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plexed with every thing around him. In both these cases men cannot, indeed, make a şillier figure, than in repeating such pleasures and pains to the rest of the world ; but I speak of them only, as they sit upon those who are involved in them. As I visit all sorts of people, I cannot indeed but smile when the good lady tells her husband what extraordinary things the child spoke since he went out. No longer than yesterday I was prevailed with to go home with a fond husband ; and his wife told him, that his son, of his own head, when the clock in the parlour struck two, said, papa would come home to dinner presently. While the father has him in a rapture in his arms, and is drowning him with kisses, the wife tells me he is but just four years old. Then they both struggle for him, and bring him up to me, and repeat his observation of two o'clock. I was called upon, by looks upon the child, and then at me, to say something; and I told the father, that this remark of the infant of his coming home, and joining the time with it, was a certain indication that he would be a great historian and chronologer. They are neither of them fools, yet received my compliment with great acknowledgement of my prescience. I fared very well at dinner, and heard many other notable sayings of their heir, which would have given very little entertainment to one less turned to reflection than I was : but it was a pleasing speculation to remark on the happiness of a life, in which things of no moment give occasion of hope, self-satisfaction, and triumph. On the other hand, I have known an ill-natured coxcomb, who has hardly improved in any thing but bulk, for want of this disposition, silence the whole family as a set of silly women and children, for recounting things which were really above his own capacity.

When I say all this, I cannot deny but there are perverse jades that fall to men's lots, with whom it requires more than common proficiency in philosophy to be able to live. When these are joined to men of warm spirits, without temper or learning, they are frequently corrected with stripes; but one of our famous lawyers is of opinion, that this ought to be used sparingly; as I remember, those are his very words : but as it is proper to draw some spiritual use out of all afflictions, I should rather recommend to those who are visited with women of spirit, to form themselves for the world by patience at home. Socrates, who is by all accounts the undoubted head of the sect of the hen peck’d, owned and acknowledged that he owed great part of his virtue to the exercise which his useful wife constantly gave it. There are several good instructions may be drawn from his wise answers to the people of less fortitude than himself on her subject. A friend, with indignation, asked how so good a man could live with so violent a creature? He observed to him, That they who learn to keep a good seat on horseback, mount ihe least manageable they can get ; and when they have mastered them, they are sure never to be discomfited on the backs of steeds less restive. At several times, to different persons, on the same subject, he has said, My dear friend, you are beholden to Xantippe, that I bear so well your flying out in a dispute. To another, My hen clacks very much, but she brings me chickens. They that live in a trading street, are not disturbed at the passage of carts. I would have, if possible, a wise man be contented with his lot, even with a shrew ; for .though he cannot make her better, he may, you see, make himself better by her means.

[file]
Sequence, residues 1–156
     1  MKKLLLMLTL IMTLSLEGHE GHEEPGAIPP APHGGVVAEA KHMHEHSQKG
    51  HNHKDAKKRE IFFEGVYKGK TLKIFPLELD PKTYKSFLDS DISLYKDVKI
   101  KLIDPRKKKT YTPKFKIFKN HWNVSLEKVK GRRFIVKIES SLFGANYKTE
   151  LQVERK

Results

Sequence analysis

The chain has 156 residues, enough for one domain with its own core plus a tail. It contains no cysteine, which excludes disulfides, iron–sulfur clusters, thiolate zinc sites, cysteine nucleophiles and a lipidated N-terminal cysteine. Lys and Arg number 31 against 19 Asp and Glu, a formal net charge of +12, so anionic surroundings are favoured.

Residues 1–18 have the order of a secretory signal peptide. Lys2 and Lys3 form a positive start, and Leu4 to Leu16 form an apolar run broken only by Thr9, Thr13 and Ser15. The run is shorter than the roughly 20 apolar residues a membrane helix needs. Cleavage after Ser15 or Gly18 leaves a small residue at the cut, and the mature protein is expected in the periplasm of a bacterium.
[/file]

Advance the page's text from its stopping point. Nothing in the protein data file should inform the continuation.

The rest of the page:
But, instead of pursuing my design of displaying conjugal love in its natural beauties and attractions, I am got into tales to the disadvantage of that state of life. I must say therefore, that I am verily persuaded that whatever is delightful in human life, isto be enjoyed in greater persection in the married,

than in the single condition. He that has this passion in perfection, in occasions of joy can say, to himself, besides his own satisfaction, How happy will this make my wife and children! Upon occurrences of distress or danyer can comfort himself, But all this while my wife and children are safe. There is something in it that doubles satisfactions, because others participate them ; and dispels afflictions, because others are exempt from them. All who are married without this relish of their circumstance, are in either a tasteless indolence and negligence, which is hardly to be attained, or else live in the hourly repetition of sharp answers, eager upbraidings, and distracting reproaches. In a word, the married state, with and without the affection suitable to it, is the completest image of heaven and hell we are capable of receiving in this life.